this is such a great video!
Thought this was a really really cool video. It makes me want to finish my letterpress (oh by the way Im making one)
Submitted by Michael Q.
Experimental type by Anna Garforth, here she creates a poster using biscuits, spelling out ”Bite off more than you can chew” Experimenting is about jumping in the deep end, exploring a side of things that may or may not work, it is a process of discovering and learning.
Some more inspiration for your project:
This thread type is by designer and Cranbrook MFA graduate Elle Kim.
What other artforms can you name which can be combined to create experimental typography?
For anyone doing stitching/sewing for your typeface, check out this work-in-progress of a stitched typeface.
Tools used: Couple of needles, yellow thread, thick carton, Black & Decker drill, a Mac, hours of designing and sewing!
What would Helvetica look like if it were a person? Maybe like one of the models on this Spanish design studio’s posters.
Spanish design company Atipo created this series of posters as an homage to four typefaces: Helvetica Bold, Carousel Medium, Caslon Italic, and Clarendon Bold. Inspired by Erwin Orlaf’s Paradise Portraits—a haunting series of clownish painted faces—designers Raul Garcia Del Pomar and Ismael Gonzalez smeared black and white makeup on models’ faces. The models not only wear the font as a mask but also attempt to express the typeface’s sentiment. Check out the rest of the series below.
Doyald Young is recognized as one of the modern masters of the lettering arts. Since the mid-1950s, Young has designed logotypes, corporate alphabets and typefaces all by hand lettering. Young still begins each job in the same manner he learned from his mentor, Joe Gibbey—with an HB pencil on tracing paper. “Depending on how long the logo is, I usually make a rough sketch about 1½- to 2-inches wide, sometimes smaller,” says Young.“I draw the letters in skeleton form to see how the word looks. Often, I’ll explore different character shapes and proportions and try to make the logo a distinctive shape.”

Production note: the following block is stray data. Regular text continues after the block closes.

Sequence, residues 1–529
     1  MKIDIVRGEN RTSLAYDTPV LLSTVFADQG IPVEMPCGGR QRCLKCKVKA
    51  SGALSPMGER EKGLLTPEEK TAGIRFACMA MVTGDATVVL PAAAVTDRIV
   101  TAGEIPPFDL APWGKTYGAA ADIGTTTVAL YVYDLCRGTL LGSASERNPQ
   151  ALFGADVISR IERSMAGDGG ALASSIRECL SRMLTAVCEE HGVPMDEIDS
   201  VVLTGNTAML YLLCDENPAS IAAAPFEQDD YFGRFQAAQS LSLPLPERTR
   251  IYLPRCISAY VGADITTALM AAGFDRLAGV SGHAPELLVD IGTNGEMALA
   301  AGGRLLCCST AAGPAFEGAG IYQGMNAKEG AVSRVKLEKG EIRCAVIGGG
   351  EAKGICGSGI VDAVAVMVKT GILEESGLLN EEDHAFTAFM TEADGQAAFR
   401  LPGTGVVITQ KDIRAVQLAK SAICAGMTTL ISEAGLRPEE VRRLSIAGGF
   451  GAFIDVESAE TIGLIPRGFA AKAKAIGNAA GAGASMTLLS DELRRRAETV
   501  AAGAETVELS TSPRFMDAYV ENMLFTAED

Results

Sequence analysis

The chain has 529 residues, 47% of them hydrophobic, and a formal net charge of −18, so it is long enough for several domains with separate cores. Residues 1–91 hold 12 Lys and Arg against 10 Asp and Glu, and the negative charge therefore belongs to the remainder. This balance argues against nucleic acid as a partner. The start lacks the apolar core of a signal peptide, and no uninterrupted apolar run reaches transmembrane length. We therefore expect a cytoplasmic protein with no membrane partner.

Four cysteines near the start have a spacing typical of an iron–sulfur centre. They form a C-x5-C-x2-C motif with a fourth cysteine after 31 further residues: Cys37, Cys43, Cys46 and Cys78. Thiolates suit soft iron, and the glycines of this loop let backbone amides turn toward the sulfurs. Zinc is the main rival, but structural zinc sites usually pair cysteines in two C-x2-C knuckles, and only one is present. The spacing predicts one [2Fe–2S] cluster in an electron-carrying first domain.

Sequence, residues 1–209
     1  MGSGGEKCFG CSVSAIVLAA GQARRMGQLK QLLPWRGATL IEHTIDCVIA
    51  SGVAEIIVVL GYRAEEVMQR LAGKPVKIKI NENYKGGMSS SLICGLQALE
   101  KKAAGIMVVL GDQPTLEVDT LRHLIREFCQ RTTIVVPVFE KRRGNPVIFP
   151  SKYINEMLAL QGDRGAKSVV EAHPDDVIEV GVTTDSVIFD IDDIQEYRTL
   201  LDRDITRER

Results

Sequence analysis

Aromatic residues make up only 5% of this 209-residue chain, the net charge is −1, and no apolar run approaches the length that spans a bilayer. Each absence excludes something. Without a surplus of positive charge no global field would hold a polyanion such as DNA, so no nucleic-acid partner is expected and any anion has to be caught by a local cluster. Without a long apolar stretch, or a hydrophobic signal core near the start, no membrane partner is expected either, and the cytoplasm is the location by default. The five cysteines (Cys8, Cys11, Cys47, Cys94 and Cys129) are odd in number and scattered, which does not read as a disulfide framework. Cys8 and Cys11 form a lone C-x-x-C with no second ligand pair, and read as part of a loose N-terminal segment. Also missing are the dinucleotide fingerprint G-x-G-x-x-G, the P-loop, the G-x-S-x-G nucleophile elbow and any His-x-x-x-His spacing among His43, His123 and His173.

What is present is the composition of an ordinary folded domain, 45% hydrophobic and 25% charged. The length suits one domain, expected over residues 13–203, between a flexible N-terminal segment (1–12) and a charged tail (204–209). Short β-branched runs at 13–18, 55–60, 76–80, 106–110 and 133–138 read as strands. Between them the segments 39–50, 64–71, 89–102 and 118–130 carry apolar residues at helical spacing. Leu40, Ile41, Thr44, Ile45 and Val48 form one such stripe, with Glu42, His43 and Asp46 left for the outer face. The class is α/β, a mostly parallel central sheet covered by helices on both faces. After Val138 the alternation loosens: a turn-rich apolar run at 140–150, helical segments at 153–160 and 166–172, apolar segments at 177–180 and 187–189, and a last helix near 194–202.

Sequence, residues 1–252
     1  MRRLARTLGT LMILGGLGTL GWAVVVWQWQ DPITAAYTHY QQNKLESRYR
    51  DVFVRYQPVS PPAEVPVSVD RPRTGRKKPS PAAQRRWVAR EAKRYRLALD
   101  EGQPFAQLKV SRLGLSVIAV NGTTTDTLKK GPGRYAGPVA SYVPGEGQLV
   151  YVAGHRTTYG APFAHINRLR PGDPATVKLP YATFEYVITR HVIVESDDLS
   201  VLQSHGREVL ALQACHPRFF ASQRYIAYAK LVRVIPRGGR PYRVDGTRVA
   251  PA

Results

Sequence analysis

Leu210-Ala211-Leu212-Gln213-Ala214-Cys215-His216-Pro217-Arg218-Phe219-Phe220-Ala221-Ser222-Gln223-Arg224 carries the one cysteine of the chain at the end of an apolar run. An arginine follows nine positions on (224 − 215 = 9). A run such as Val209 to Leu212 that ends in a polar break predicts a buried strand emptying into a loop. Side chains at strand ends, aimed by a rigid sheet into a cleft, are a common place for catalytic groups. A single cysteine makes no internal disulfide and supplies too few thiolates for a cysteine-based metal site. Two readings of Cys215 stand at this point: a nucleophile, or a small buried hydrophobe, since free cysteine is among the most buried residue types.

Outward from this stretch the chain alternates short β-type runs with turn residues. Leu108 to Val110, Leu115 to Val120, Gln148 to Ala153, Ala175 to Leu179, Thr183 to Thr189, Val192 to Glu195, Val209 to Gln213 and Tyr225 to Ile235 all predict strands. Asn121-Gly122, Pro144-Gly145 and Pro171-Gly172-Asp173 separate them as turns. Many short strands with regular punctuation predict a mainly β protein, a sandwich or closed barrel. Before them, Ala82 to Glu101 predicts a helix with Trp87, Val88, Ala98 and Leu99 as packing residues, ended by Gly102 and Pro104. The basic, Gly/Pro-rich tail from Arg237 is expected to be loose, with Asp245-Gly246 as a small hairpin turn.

While drawing letters with a pencil first—rather than constructing them on screen—may seem old school to many young designers, the process allows Young to quickly try many solutions to the design problem. “A rough sketch of a logo takes only a minute or so to do,” he says, although he cautions that in-depth knowledge of different type styles is critical to the process.
In 2009 AIGA awarded Young the prestigious AIGA Medal for “for demonstrating the power of a lifelong love of the craft of calligraphy, type and graphic design, for his contributions as an author and for his dedication as an educator.”
To learn more about him, here a some of the best articles I found online:
STEP: Doyald Young, Master of Dangerous Curves
By Allan Haley
The master lettering artist’s path to prominence leads to Dangerous Curves.
AIGA 2009: Medalist Doyald Young
By Marian Bantjes
How do you get to be one of the greats of graphic design? If Doyald Young is the example, start with a well-rounded education in life, study with the masters, pay homage to your mentors, work hard, work long and, practice, man, practice.
Letter Cult Interview with Doyald Young
If Matthew Carter is the greatest living type designer, and Hermann Zapf the greatest living calligrapher, Young completes the trinity as the greatest living designer of logotypes.
Sadly, the New York Times reported last week that Doyald Young has passed away. He is an incredibly inspiring artist who has left a legacy in calligraphy and typography.
I can’t get enough of Marian Bantjes. She is a master typographer and calligrapher. Last year, I covered her talk for the AIGA/NY chapter. You can read the post and see the beautiful work she presented here.
Seb Lester is a London-based type designer, illustrator and artist. He has created typefaces and type illustrations for some of the world’s biggest companies, publications and events, including the likes of Apple, Nike, Intel, The New York Times, The 2010 Vancouver Winter Olympics and J.D. Salinger’s final reissue of The Catcher in the Rye. He is passionate about letterforms.
His work is beautiful, don’t you think?
One current designer we discussed was Louise Fili. Louise is known for her impeccable typography reminiscent of Italian and French poster designs from the Art Deco period. Her work is elegant, beautiful and inspiring.
Visit her website to view more work: www.louisefili.com
What are additional typographers or typography work that references the Art Deco period?